Keep it simple, but not stupid

Keep it simple, but not stupid

People hate complexity. When things get complicated its harder to make decisions, and easier to get frustrated. As an interface designer, your mantra should always be: simplify.

But don’t make it too simple

Have a look at the screenshot above. This is the new Facebook interface for creating events, which has been streamlined from previous versions. They’ve turned the date selection tool into a neat little jquery calendar pop-up, which is a huge improvement.

They’ve also changed the way that users select the time for their event. Simpler to look at than it used to be? Definitely.

Does it help me create and event that starts at 12:15pm? Definitely not.

How to be simple and smart at the same time

Obviously, Facebook has created a problem for me as a user. This is a particularly sticky problem, since events are often created to be used as part of advertising campaigns (using the Event Ad Unit), meaning they have potentially put a barrier between themselves and people willing to give them money… always a bad thing.

Some considerations to keep in mind, to ensure that your interface is simple, but not dumb:

  • Test in advance – As Facebook often does, roll out your new interface to a sample audience in order to get a sense for how it will work in the real world with real data. Segment out 10% of your traffic, show them the new toys. Watch and learn. Consider differences between new users and returning longtime users of social sites.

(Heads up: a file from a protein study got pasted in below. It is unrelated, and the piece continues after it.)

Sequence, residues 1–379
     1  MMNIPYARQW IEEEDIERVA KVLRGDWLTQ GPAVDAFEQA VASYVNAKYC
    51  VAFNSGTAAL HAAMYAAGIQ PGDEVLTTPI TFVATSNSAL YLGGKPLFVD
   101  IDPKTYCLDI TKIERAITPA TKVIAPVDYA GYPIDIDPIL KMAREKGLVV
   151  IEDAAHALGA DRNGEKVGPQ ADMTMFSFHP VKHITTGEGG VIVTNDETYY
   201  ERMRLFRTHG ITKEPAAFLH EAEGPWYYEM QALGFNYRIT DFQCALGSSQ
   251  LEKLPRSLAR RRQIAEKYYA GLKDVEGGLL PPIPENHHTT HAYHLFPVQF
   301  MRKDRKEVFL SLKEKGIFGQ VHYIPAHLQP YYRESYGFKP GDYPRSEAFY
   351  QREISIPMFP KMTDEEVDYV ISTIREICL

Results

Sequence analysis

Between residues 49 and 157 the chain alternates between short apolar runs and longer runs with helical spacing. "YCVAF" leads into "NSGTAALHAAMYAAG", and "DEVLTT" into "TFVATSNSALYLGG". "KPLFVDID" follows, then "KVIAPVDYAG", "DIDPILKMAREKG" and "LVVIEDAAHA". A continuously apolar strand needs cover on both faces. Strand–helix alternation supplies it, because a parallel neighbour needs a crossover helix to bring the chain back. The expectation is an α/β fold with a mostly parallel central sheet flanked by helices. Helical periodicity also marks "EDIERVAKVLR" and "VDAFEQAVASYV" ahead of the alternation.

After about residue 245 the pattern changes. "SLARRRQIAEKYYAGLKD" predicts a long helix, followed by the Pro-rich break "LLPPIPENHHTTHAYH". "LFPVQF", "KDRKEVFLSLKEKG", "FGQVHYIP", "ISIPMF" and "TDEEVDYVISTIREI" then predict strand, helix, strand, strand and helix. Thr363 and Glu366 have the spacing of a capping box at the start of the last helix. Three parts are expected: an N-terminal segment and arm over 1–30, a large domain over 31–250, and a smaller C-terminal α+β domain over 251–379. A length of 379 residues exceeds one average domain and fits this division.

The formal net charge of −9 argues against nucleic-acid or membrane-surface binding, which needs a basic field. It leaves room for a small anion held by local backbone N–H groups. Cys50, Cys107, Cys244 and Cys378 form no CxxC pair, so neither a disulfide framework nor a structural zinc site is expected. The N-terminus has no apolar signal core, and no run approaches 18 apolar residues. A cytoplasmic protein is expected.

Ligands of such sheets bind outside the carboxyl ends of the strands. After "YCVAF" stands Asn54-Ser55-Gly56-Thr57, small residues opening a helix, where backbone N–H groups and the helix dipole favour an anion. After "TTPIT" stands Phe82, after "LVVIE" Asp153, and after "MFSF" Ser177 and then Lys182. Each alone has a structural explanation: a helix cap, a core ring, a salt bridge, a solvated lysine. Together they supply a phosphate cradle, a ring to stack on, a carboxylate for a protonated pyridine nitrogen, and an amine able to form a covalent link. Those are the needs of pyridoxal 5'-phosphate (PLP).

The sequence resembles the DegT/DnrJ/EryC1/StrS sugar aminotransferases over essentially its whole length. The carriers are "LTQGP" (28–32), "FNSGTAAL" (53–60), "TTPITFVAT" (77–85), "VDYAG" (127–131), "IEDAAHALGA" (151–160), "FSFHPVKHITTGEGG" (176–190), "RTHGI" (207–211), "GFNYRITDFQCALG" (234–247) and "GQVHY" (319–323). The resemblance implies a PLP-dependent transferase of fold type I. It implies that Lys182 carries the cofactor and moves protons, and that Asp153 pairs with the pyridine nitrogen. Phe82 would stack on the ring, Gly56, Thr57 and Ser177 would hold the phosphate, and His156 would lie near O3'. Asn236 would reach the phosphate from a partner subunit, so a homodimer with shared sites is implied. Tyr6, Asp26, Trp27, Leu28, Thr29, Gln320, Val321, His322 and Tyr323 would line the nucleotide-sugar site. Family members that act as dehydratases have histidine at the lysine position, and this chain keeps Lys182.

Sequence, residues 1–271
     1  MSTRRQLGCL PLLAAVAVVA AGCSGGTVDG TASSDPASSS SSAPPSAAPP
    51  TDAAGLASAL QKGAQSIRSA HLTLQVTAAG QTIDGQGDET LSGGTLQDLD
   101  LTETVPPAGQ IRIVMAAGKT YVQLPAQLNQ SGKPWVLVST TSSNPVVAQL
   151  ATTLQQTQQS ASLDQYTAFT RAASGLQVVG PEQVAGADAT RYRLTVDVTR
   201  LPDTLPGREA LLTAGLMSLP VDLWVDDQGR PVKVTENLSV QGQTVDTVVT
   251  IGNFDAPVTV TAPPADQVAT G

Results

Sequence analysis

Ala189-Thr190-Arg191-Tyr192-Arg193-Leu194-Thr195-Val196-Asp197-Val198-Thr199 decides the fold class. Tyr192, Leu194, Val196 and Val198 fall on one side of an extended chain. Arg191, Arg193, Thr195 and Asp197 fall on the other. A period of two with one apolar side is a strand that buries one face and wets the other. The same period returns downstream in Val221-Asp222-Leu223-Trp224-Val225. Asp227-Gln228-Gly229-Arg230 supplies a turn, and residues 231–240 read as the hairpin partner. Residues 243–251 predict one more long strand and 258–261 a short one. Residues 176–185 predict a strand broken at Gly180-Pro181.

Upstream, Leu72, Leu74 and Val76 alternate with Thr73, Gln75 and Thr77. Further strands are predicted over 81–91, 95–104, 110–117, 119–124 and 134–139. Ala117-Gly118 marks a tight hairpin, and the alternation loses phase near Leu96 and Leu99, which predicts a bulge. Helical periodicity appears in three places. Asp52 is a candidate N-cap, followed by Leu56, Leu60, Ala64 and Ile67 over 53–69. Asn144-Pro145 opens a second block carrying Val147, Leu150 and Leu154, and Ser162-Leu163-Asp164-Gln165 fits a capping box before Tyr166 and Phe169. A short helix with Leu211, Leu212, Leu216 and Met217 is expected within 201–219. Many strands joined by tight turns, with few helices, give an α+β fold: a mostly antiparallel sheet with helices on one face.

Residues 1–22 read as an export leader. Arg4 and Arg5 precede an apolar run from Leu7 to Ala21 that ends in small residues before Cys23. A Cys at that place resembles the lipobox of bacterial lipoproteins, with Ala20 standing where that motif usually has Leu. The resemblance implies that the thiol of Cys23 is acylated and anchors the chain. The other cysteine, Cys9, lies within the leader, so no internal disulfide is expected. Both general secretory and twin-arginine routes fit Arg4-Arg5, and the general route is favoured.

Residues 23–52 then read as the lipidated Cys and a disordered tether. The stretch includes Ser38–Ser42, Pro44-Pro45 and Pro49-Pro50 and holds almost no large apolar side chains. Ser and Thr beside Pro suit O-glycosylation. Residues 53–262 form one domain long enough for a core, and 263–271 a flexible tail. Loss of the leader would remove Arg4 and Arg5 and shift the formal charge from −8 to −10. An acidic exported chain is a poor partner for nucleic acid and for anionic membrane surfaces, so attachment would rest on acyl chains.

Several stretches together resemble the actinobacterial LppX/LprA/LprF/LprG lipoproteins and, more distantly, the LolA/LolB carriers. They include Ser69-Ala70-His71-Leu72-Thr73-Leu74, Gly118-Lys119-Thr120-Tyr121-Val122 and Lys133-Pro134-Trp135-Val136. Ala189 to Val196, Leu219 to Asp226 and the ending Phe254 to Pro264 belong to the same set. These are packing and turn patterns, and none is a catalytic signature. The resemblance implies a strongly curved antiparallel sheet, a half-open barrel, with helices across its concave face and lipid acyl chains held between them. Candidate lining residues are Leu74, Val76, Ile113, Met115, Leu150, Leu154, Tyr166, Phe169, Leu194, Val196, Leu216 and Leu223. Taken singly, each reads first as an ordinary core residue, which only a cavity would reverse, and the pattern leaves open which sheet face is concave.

• Get Feedback – When you launch a new feature, make a clear “feedback” element on the page – allowing people to let you know where they find spots that might need a bit of tweaking. You’ll often catch the little bugs this way.
  • Use previous data – Maybe this was taken into account, its hard to say. But if you have past records of how the element was used (databases of registrations etc), have a look to see what types of information people are putting in. I’ve created hundreds of events beginning on the quarter hour – and I’m willing to bet others have too.
  • Consider context – Think about events and what goes into creating them. People need to be invited, schedules need to be coordinated, venues need to be booked. The more branches there are in the problem, the more flexible the interface should be for fine tuning. Think you can convince a venue to adopt “Facebook time zones”? Think again.
  • Provide a work-around – Make the most obvious navigation as simple as possible, but if there is potential for wiggle room around it, give more options. A simple option to “customize time” within or next to the select menu would give us the best of both worlds.

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